International Harvester Centennial Rally

New Zealand Engine Enthusiasts Celebrate IHC's 100th Birthday

| July/August 2002

  • McCormick Model Z-125 fertilizer spreader

  • Fowler road locomotive

  • IHC trucks
    The New Zealand rally also included early IHC trucks, including the 1928 six-speed special at right.

  • McCormick Model Z-125 fertilizer spreader
  • Fowler road locomotive
  • IHC trucks

A nicely restored McCormick Model Z-125 fertilizer spreader being drawn by a Clydesdale. A look in the background highlights the strong showing of IHC tractors and equipment at the IHC centennial celebration held this year in New Zealand.

There have been many '100 Years of International Harvester' celebrations held throughout New Zealand during the first three months of 2002, but this is the only one that had this title. Organized by the New Zealand Vintage Machinery Club Inc., Canterbury, it was held on the property of Alan and Gail Rowlands at Kirwee, a 25-minute drive west of Christchurch. Setup day was Friday, Feb. 22, and the main rally days were Saturday and Sunday, Feb. 23-24.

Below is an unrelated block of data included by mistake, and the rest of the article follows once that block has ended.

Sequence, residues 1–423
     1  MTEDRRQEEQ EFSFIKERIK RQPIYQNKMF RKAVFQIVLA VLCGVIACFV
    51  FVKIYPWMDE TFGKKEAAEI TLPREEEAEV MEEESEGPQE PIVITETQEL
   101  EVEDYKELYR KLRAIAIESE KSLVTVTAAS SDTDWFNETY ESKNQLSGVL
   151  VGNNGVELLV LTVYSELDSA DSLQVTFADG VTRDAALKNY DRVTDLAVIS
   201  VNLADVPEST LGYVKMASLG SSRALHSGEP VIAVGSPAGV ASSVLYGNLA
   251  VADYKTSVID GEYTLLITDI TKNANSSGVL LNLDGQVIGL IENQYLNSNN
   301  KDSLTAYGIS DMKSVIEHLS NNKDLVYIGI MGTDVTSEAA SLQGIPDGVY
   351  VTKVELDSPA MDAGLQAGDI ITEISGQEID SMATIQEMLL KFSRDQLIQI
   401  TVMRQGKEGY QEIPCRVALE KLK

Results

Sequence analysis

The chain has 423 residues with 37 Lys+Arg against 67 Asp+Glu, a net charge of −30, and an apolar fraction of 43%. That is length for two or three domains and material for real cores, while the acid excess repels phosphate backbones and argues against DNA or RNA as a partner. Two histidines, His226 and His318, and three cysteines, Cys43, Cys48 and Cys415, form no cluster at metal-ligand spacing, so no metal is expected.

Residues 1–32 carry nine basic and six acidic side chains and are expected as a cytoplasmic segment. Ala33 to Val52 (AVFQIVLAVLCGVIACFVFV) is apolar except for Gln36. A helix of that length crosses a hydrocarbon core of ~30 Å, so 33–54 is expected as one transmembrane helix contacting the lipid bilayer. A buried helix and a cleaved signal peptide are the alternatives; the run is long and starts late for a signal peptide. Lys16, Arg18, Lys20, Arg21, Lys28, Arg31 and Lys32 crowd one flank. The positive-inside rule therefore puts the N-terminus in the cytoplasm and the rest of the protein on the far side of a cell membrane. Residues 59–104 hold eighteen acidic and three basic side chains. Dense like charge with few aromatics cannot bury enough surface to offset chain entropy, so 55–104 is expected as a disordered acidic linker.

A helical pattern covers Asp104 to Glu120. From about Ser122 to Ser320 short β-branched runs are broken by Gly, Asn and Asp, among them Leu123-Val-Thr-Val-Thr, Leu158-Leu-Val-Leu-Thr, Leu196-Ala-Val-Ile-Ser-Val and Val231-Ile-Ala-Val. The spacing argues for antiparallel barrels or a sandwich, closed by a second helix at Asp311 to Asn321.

As for any rally of this size that is aimed at the public as well as the enthusiast, much planning has to be done. And when the weekend finally arrives, the exhibits arrive through the gate and the weather stays favorable, all is well worth it.

We realize there are some things to improve on for our next weeklong rally in March 2004, when the New Zealand Vintage Machinery Club will be celebrating 'The 100 Years of the Tractor in New Zealand,' so in that way it was a learning curve for us. However, there were so many things that went well, and remarks were heard about what a tremendous setting and site for a rally, with plenty of space and camping and public parking just through the fence from the main access off a sealed road.

Most agree that the ring program and parades were probably the highlights of the rally, and for this we were fortunate to have the services of David Hight. His knowledge and commentary on the tractors was outstanding.